Human muscle cells to be launched into space to explore secrets of ageing

The MicroAge study will be launched from the Kennedy Space Centre on Tuesday and aims to help scientists understand what happens to human muscles as people age.

Human muscle cells will be launched into space in an experiment that could help people live longer, healthier lives.

The study, called MicroAge, will be launched on a SpaceX Falcon 9 rocket from the Kennedy Space Centre in Florida to the International Space Station on Tuesday.

Space will be used to understand what happens to human muscles as people age and why.

Human muscle cells, the size of a grain of rice, were grown in labs and put into small 3D-printed holders which are the size of a pencil sharpener.

Once in space, they will be electrically stimulated to induce contraction in tissue.

Spending time without the effects of gravity can cause astronauts’ muscles to become weaker, just like they do in older age, before recovering when they return to Earth.

Researchers from the University of Liverpool will analyse the samples when they return to Earth in January 2022, comparing them to findings from experiments on Earth.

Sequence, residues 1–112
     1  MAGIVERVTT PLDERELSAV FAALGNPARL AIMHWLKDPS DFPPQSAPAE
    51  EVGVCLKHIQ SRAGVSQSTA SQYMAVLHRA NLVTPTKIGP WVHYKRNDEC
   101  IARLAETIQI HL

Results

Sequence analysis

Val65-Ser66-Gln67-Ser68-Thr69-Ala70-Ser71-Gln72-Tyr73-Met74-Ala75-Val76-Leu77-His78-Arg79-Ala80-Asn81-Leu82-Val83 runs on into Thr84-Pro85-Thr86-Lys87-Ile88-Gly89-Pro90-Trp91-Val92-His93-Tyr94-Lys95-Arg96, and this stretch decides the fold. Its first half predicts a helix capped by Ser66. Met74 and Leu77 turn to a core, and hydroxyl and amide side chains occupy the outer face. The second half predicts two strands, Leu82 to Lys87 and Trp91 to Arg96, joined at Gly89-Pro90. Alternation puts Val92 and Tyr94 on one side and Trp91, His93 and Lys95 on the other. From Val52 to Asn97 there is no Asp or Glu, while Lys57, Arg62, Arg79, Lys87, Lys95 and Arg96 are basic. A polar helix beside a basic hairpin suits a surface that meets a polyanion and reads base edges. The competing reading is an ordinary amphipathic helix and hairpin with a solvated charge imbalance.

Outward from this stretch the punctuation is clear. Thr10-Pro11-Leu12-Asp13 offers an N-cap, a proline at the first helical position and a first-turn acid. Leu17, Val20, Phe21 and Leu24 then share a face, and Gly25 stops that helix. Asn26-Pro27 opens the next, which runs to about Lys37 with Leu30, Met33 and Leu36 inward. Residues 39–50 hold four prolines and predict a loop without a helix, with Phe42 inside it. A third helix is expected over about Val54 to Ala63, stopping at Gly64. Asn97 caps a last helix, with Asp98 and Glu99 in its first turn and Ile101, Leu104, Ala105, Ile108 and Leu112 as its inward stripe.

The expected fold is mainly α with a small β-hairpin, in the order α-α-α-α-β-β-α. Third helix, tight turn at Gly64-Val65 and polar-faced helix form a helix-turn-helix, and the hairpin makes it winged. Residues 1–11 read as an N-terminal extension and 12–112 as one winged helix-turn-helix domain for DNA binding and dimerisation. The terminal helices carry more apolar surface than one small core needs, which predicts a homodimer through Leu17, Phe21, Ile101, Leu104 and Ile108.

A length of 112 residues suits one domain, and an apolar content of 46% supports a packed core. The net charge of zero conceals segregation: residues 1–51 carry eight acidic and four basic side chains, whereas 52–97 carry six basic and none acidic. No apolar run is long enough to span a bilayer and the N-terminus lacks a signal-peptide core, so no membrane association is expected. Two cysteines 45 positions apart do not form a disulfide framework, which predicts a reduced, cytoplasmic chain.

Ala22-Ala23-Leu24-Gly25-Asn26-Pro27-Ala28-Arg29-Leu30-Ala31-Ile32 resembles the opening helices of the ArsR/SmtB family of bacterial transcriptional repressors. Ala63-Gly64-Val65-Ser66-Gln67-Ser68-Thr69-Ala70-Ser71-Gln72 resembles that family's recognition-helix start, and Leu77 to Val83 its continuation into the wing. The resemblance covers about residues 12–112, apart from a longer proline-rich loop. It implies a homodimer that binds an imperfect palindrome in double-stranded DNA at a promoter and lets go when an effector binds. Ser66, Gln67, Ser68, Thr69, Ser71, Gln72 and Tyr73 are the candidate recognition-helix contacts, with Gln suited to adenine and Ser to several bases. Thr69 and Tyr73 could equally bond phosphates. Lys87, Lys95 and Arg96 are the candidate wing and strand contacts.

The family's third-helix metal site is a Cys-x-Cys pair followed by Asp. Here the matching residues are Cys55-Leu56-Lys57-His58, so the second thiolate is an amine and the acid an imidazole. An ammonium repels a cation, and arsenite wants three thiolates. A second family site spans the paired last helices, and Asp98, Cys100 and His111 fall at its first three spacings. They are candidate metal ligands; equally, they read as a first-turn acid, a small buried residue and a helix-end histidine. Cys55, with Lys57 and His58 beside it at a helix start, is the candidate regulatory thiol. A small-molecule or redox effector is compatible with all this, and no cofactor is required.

They hope this will solve the puzzle of why muscles get weaker with age and look at ways of preventing the process.

Speaking to Sky News, Professor Malcolm Jackson, from the University of Liverpool, said: “We have known for a long time that astronauts in space can lose muscle rapidly.

“People have speculated whether that is an accelerated ageing phenomenon.

“We realised a little while ago that astronauts on the space station had an analogous problem, each astronaut that is on the space station exercises at least 2.5 hours each day and despite that, they lose quite a significant amount of muscle and in fact can’t walk for a while after they get back on earth.”

Human muscles lose mass and strength as people age and this can affect a person’s ability to carry out everyday tasks, causing a range of problems, including an increased risk of falling and longer recovery time from injuries.

The hardware for the experiment was designed and built by Oxfordshire-based Kayser Space, which needed to ensure the cells survive potential changes in temperature, vibration and G-force during launch.

As part of the mission, the 24 muscle cell containers will carry mission patches designed by children, following a competition run by the University of Liverpool.

The UK Space Agency has provided £1.2m in funding to the University of Liverpool for the experiment.

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